There have been some successes, however. An early one came in 1989, when a Prop 65 legal settlement led the manufacturer of Liquid Paper to agree to remove trichloroethylene, a carcinogen, from its original formula. OEHHA’s website touts other wins, like reducing arsenic in bottled water and removing toluene from many nail care products. These are not small victories; prolonged exposure to arsenic can contribute to some cancers and may even lower IQ scores in children, and toluene is a neurotoxin. However, reformulations often fly under the radar.

“Because our intention is the removal [of toxic chemicals], warnings are better than nothing, but they’re not as good as there just not being the need for a warning,” says Kaya Allan Sugerman, director of the illegal toxic threats program at the California-based Center for Environmental Health. “We’d like to see the products not contain these chemicals.”

Sugerman’s organization is very active in bringing legal action against companies for Prop 65 non-compliance, the goals of which, she says, are safer products, not just payouts. She says CEH’s legal actions contributed to the removal of lead from children’s jewelry and imported candy, for instance.

“Prop 65 is kind of like an iceberg…but the warnings are what’s only visible above the waterline,” Sugerman says. “The real impact of the statute is really under the ocean; it’s really the companies that have been compelled, through years and years of new chemicals being added to this list, to reformulate their products.”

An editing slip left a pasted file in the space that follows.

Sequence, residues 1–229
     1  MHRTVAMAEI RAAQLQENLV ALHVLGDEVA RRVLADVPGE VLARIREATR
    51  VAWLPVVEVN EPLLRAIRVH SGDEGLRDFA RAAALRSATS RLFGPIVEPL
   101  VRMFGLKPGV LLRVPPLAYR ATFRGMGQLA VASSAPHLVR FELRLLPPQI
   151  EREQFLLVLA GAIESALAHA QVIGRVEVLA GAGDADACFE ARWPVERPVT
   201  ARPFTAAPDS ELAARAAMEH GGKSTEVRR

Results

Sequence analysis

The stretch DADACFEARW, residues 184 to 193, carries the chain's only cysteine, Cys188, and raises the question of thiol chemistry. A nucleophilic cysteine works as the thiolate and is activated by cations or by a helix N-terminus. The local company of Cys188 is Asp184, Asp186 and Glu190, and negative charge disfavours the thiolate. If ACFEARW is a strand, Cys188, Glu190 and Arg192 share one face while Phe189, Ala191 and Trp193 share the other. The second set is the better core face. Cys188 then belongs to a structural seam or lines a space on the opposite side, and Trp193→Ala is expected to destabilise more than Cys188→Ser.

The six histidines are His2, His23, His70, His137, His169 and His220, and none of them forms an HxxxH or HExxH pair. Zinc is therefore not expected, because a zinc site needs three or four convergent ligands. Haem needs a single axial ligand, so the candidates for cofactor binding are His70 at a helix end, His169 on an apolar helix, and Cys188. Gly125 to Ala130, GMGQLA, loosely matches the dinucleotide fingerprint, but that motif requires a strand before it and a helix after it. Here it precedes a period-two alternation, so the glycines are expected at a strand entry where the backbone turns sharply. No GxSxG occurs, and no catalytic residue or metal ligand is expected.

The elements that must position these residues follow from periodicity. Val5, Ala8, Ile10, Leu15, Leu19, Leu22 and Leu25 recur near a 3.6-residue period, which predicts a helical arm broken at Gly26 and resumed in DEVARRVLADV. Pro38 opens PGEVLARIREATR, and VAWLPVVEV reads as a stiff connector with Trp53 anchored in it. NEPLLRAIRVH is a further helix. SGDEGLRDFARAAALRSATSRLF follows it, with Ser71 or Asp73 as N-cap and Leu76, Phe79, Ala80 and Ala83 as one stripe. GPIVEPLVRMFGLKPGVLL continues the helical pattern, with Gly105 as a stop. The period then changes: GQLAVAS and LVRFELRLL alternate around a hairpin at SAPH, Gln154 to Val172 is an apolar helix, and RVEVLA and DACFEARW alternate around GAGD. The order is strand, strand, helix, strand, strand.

This year, Consumer Reports cosponsored a bill in the California legislature that aimed to make those reformulations more visible. The “Public Right to Know Act” would have prohibited secretive settlement agreements that hid information about dangerous products or environmental conditions from the public. The bill passed California’s Senate but failed to pass in the Assembly.

Another important aspect of Prop 65 is the standards themselves—the thresholds set by scientists at California’s OEHHA for what are considered the maximum levels of exposure for each chemical on the list. Several state committees of scientists and the public all weigh in on the addition of new chemicals to the list. These exposure-level standards have proven useful in other contexts. For instance, CR uses those same thresholds to test some foods for safety—like measuring the prevalence of heavy metals in protein powdersjuices, and baby food.

“When we evaluate whether we consider something to be safe or unsafe, we’ve often referred to Prop 65,” says Michael Hansen, PhD, senior staff scientist at CR with an expertise in food safety. “From the consumer viewpoint, you want to be conservative on health, you want to err on the side of safety.”

Read the full article here.